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Want to Read. Rate this book. The Second Wave Jean Copeland. Alice never imagined that meeting co-worker Leslie would lead to an all-consuming love affair. Their year of risk, passion, and heartache takes its toll on both women. Tired of only receiving crumbs from Leslie, Alice makes the toughest choice of her life and moves on.
Although their affair is short-lived, their desire to be together never dies. Nearly forty years later, Alice returns to Connecticut after learning Leslie has suffered a stroke. But is it too late to pick up where they left off? Top genres for this book Romance. This edition Format s, Paperback.
Published October 18, by Bold Strokes Books. More details. Jean Copeland 13 books 37 followers. She has published numerous short fiction and essays online and in print anthologies. In addition to the thrill of watching her students discover their talents in creative writing and poetry, she enjoys the escape of writing, summer decompression by the shore, and good wine and conversation with friends.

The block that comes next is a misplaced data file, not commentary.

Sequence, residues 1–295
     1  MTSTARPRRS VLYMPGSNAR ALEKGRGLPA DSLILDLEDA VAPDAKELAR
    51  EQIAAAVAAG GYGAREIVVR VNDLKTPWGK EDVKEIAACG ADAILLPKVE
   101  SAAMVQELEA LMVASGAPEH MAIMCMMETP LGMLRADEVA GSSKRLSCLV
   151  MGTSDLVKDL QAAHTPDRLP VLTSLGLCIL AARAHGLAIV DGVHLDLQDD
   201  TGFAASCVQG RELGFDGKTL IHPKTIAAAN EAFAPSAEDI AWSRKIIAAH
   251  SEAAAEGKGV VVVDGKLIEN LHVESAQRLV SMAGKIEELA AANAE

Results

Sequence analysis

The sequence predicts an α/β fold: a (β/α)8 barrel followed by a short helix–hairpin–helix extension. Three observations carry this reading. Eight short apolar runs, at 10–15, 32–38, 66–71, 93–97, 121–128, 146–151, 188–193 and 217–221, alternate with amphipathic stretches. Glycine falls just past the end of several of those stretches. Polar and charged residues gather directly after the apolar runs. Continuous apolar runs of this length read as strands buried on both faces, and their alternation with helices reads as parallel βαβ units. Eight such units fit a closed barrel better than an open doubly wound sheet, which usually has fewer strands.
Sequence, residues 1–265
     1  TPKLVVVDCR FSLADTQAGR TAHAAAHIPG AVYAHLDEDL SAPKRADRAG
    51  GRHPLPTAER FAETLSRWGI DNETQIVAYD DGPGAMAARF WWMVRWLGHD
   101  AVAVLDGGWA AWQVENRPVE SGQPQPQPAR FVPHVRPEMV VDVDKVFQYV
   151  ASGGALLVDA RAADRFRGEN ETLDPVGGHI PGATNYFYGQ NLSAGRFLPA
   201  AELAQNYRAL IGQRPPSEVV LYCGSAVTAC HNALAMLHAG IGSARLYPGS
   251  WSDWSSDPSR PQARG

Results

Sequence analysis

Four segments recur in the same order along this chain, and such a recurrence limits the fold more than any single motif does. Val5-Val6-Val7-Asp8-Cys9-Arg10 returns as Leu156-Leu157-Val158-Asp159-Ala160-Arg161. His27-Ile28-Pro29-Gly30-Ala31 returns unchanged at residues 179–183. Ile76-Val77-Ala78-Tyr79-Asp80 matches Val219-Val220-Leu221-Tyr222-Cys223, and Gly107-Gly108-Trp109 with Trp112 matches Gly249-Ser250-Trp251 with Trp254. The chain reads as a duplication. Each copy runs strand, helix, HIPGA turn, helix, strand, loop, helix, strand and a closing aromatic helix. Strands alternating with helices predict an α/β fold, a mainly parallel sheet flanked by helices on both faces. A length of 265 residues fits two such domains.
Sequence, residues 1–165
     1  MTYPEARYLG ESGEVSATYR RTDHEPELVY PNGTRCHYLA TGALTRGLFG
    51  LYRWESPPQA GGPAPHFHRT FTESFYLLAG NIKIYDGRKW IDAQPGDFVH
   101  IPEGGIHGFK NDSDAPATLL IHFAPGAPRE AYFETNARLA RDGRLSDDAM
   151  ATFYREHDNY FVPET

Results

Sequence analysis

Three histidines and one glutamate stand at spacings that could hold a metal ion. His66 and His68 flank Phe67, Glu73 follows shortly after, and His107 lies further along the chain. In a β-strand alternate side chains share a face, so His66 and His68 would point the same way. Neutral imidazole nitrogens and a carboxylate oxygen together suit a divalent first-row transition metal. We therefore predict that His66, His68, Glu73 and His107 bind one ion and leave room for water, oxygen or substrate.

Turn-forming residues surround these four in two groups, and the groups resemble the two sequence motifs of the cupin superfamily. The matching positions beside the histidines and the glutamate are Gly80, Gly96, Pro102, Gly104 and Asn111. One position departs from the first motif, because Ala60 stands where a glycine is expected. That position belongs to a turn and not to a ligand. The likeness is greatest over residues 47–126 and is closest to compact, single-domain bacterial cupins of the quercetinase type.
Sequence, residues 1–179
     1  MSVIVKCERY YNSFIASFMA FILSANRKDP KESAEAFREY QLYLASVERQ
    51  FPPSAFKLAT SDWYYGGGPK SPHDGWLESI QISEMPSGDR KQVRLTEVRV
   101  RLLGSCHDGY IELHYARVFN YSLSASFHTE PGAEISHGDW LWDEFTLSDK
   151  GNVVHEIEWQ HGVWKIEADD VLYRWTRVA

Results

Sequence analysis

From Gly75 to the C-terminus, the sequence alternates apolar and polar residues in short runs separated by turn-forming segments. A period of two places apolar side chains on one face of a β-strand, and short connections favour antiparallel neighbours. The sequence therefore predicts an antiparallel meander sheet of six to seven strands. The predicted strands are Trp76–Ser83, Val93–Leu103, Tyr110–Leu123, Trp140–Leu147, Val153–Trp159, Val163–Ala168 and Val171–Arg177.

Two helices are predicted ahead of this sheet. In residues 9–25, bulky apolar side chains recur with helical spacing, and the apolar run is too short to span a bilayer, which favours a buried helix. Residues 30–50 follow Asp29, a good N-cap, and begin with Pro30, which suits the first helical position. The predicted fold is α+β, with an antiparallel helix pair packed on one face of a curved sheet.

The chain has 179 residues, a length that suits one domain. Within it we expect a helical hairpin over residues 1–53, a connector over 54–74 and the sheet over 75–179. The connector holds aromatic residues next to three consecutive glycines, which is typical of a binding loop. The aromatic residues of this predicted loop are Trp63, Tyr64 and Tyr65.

Organ donation and shelter animal adoption are causes dear to her heart. Search review text. Displaying 1 - 10 of 14 reviews. Lex Kent. I had a tough time with this book. There was times it was so slow, that I wanted to give up.
I did keep reading, and some parts did get better. But overall I still struggled with it. I do not remember reading a Lesfic book where the two mains were in their 70's. I was interested in how Copeland would accomplish this. Unfortunately, it felt a little flat. I did not feel like I was reading about women in their 70's. They could have been 50's, maybe even in their 40's, and I don't think Copeland would have had to change anything. Another issue I had was with the flashbacks. I think flashbacks can be important to understand why a person is the way they are. But at least half of this book was in flashbacks.